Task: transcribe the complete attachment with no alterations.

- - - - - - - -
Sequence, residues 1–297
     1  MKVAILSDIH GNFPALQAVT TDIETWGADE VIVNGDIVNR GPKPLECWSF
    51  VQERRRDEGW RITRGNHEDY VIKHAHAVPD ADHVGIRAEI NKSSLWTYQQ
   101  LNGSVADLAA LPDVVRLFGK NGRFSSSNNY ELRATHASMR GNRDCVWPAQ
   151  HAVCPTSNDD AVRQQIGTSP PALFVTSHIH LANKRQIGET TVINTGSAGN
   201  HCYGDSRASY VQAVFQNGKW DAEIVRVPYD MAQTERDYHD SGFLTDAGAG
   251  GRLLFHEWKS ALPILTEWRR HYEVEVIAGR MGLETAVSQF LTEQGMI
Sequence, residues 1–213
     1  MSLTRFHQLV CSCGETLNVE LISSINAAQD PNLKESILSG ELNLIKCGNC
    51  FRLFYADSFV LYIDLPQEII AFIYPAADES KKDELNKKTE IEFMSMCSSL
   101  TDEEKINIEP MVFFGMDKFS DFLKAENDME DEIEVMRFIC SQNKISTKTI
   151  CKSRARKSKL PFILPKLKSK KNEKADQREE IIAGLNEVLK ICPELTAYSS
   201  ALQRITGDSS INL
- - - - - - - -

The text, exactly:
Sequence, residues 1–297
     1  MKVAILSDIH GNFPALQAVT TDIETWGADE VIVNGDIVNR GPKPLECWSF
    51  VQERRRDEGW RITRGNHEDY VIKHAHAVPD ADHVGIRAEI NKSSLWTYQQ
   101  LNGSVADLAA LPDVVRLFGK NGRFSSSNNY ELRATHASMR GNRDCVWPAQ
   151  HAVCPTSNDD AVRQQIGTSP PALFVTSHIH LANKRQIGET TVINTGSAGN
   201  HCYGDSRASY VQAVFQNGKW DAEIVRVPYD MAQTERDYHD SGFLTDAGAG
   251  GRLLFHEWKS ALPILTEWRR HYEVEVIAGR MGLETAVSQF LTEQGMI
Sequence, residues 1–213
     1  MSLTRFHQLV CSCGETLNVE LISSINAAQD PNLKESILSG ELNLIKCGNC
    51  FRLFYADSFV LYIDLPQEII AFIYPAADES KKDELNKKTE IEFMSMCSSL
   101  TDEEKINIEP MVFFGMDKFS DFLKAENDME DEIEVMRFIC SQNKISTKTI
   151  CKSRARKSKL PFILPKLKSK KNEKADQREE IIAGLNEVLK ICPELTAYSS
   201  ALQRITGDSS INL